Wednesday, March 11, 2015

People ARE the Difference

It's been almost a year since I left Oklahoma.  That's right.  I left my beloved state.  I left my friends and family, and adopted grandma behind – all in the name of love.  While I have no regrets about my decision, that doesn't mean that I don't miss Oklahoma – mostly my Oklahomies.

Sure, I miss chili chocolate tea at t, an urban teahouse, the Lee's coffees at Lee's Sandwiches on Classen Boulevard.  I miss the Towheads habanero salsa from Urban Agrarian.  I miss the Wichita Mountains.  I miss LakeHefner, even in its dwindling state.  I miss the Paseo and Plaza districts.  But, most of all, I miss the people.

The state where I live now is beautiful – classically beautiful.  I would trade the mountains, the pine trees, and the half-frozen wild rivers to have my Oklahomies here.  People make ALL the difference. They can make a difference in a good way, or in a bad way.  Unfortunately, national news has been full of the handful of bad ones lately.   Or, always.

Let me tell you about a few of the Okies that are the good people.  Let me start with my blood-family. My redneck brother has towed my car when I buried it in snow.  He has helped one of my friends haul a piano that she found at a garage sale.  A piano.  A big, heavy piano.  Because he's my brother and it was for my friend.  It once took us FOUR hours to drive 20 miles in a snowstorm on Christmas Eve, because he was helping others.  He helped make sure that a dozen or more people got their homemade tamales for the holidays.  He pulled numerous people out of ditches.  He stopped to pick up one stranded worker just to drive him to a convenience store to pick up enough food to last for the night and took him back to work.  He lives for helping others, and beams when the kids at church look up to “Mr. Paul”.

My other Okie brother will literally give you the shirt off his back.  He IS OKC Kayak (and now, Tulsa Kayak, too).  He will give you his last granola bar if you are on one of his trips and you are hungry.  He will give you his gloves, jacket, and hat if you forgot yours.  He spent most of a day helping me load the moving van with the heaviest of my furniture, and then helped pack up more boxes, too.  Yes, I arrived at my new home with some interesting labeling on some of the boxes (“Misc.” somehow turned into “Misc. sex toys”).  Rarely has anyone been able to beat him to the check, either.  He is always striving to do the right thing.  That's just who is he.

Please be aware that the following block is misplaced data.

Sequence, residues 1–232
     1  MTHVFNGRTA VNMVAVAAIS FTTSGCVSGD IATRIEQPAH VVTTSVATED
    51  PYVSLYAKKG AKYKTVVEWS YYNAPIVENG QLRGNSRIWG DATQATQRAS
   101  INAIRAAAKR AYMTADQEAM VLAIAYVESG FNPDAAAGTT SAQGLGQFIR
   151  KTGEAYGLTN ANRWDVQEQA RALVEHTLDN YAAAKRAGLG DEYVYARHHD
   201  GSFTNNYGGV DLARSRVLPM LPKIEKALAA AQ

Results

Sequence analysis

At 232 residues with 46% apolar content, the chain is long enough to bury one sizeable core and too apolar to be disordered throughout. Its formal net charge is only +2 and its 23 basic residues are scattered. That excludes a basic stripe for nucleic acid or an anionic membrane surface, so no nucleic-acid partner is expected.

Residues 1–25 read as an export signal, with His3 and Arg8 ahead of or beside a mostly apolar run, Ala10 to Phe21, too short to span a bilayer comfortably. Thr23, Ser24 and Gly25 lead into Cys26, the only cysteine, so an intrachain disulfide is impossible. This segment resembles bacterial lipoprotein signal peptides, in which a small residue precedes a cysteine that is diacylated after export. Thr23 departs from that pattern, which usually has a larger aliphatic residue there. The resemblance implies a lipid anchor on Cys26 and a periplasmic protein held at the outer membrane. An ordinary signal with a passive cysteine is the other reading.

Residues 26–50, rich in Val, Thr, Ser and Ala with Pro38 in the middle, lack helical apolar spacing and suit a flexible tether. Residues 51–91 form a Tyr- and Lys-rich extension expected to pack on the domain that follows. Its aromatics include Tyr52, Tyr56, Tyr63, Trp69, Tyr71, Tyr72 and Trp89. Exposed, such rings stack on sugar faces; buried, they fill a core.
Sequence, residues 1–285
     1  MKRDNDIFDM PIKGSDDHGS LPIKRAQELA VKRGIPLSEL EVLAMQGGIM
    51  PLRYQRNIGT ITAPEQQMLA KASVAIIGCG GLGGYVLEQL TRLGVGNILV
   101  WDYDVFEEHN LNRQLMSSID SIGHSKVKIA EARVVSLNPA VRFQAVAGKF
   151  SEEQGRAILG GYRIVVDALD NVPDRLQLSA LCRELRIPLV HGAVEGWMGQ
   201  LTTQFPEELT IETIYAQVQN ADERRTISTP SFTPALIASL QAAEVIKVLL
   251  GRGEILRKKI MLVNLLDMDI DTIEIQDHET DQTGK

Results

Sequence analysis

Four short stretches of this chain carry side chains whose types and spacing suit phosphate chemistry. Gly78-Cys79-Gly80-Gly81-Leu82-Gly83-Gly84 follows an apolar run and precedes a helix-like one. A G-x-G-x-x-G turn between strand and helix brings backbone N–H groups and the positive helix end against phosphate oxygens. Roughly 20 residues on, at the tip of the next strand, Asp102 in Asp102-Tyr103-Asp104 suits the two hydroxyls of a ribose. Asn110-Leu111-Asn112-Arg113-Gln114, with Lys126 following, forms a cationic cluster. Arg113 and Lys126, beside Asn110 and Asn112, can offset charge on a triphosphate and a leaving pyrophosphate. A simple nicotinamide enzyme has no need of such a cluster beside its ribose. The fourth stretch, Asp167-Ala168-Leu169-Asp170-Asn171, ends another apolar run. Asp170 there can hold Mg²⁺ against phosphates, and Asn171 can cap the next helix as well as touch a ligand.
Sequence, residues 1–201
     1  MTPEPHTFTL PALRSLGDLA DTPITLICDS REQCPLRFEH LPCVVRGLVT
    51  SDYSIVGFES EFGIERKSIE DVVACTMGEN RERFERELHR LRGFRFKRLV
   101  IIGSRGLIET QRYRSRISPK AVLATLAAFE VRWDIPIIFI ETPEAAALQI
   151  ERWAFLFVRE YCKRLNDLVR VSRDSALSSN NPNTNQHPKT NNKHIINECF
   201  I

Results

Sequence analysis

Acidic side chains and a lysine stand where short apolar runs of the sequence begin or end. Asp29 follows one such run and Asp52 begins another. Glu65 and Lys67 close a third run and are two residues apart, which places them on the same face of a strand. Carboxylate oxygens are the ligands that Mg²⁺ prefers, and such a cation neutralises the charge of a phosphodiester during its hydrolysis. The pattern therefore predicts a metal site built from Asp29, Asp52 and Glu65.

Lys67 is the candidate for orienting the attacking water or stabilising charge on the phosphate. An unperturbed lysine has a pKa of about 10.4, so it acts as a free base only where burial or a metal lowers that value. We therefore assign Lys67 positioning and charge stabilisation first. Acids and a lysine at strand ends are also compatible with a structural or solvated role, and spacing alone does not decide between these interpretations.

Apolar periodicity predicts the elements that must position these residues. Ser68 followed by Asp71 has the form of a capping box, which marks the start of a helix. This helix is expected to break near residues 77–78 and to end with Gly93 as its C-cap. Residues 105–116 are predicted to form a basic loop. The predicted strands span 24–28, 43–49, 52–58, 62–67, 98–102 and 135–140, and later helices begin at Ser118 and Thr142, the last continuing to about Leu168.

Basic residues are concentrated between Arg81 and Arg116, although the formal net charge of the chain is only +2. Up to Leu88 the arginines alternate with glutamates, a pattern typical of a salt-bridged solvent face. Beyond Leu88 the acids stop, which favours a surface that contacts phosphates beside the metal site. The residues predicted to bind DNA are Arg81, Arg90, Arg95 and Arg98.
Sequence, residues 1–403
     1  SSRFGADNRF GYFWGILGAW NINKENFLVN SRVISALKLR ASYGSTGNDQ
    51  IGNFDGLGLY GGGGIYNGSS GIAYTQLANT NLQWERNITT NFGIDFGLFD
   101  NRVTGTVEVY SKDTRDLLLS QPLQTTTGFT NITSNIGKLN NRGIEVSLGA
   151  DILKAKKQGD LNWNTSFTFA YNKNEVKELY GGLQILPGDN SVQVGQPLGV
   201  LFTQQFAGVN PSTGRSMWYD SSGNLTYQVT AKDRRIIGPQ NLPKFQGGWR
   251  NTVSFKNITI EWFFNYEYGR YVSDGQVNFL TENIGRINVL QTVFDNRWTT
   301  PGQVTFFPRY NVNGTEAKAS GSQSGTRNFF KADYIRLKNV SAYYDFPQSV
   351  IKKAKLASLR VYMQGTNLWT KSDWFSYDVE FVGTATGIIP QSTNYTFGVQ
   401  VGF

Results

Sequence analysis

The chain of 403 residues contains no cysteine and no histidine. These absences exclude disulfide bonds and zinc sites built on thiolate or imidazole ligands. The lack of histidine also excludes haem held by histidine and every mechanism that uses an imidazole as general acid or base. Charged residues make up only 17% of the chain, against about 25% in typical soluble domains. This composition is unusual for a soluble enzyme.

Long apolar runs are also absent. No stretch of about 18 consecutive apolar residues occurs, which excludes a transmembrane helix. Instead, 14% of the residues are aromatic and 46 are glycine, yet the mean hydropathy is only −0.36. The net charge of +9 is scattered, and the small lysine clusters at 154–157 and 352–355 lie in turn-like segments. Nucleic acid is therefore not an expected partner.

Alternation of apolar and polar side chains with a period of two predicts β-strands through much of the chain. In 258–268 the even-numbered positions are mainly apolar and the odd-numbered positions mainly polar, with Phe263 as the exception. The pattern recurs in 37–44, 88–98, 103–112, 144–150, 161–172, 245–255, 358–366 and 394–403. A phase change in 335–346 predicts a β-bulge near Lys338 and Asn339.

"Southern Belle" Bernie
The last remaining sister in Oklahoma is the Southern Belle.  She will charm you with her Okie accent and genuine smile.  She will sing and dance and make you laugh.  She is not afraid to visit people in the hospital, no matter how bad of shape they are in.  When her own husband was in a serious accident, they both kept their sense of humor.  You will never just get a “happy birthday” from her – she will tell you all of the things that she loves about you on the anniversary of your birth.  She has a soft spot for ALL people and animals.  She sees no boundaries of class, race, religion, sex, or age.  She is teaching the next generation to live with joy and laughter.  It's not her duty, it's just her.

My mom is an honorary Okie, though she probably would never admit it.  She put up with eight, independent, hell-raising kids that took after their father.  She raised the family while my dad worked out of town more often than not.  Then, she took care of my dad through a horrible illness that slowly took away his life over four and a half years.  She has volunteered with hospice, worked as a hospital chaplain, and still runs daily errands for friends she made at the assisted-living center - even though she no longer works there.  She delivers communion, drives them to doctors' appointments, and keeps them company.  Every day is spent serving others.

My Okie friends are changing the image of Oklahoma.  They vote.  They encourage others to do the same.  (Remember, most of the embarrassing Oklahoma news stems from elected officials - did you vote?)  They open businesses.  They employ others.  They stand up for their beliefs.  They stand up for those without a voice.  They tread lightly on Mother Earth.   They make art from others' trash.  They foster animals, and kids.  They feed people.  They are leaders by their actions – not titles.

Oklahomies would not have made me ask for their help if I got my car high-centered in the snow – it would have been freely offered.  Okies would not have made me wait until they finished shooting off their last five rounds of ammo.  Okies would not have complained when the handle of their shovel crumbled when I barely used it.  They most certainly would not have given me an address to send the rest of the money I didn't have on me to cover the last $12 for their old shovel, after they emptied my wallet.

See no evil, smell no evil?
I won't deny that there are some bad people in Oklahoma.  Or, some Oklahomans that do stupid things, or follow along with things that aren't right.  It doesn't matter who is looking, or listening.  We need to all try to do the right thing regardless.  Okies, along with everyone else, are imperfect.  We can all do better – be better.  Maybe other states are judged differently – because the people rarely concern themselves with anything or anyone outside of their personal bubble.  All that I know, is that the Okies that I know and love aren't the ones I read about in the news.  MY Okies are working diligently to make my home state even better.  And, I miss them (and Towheads habanero salsa).

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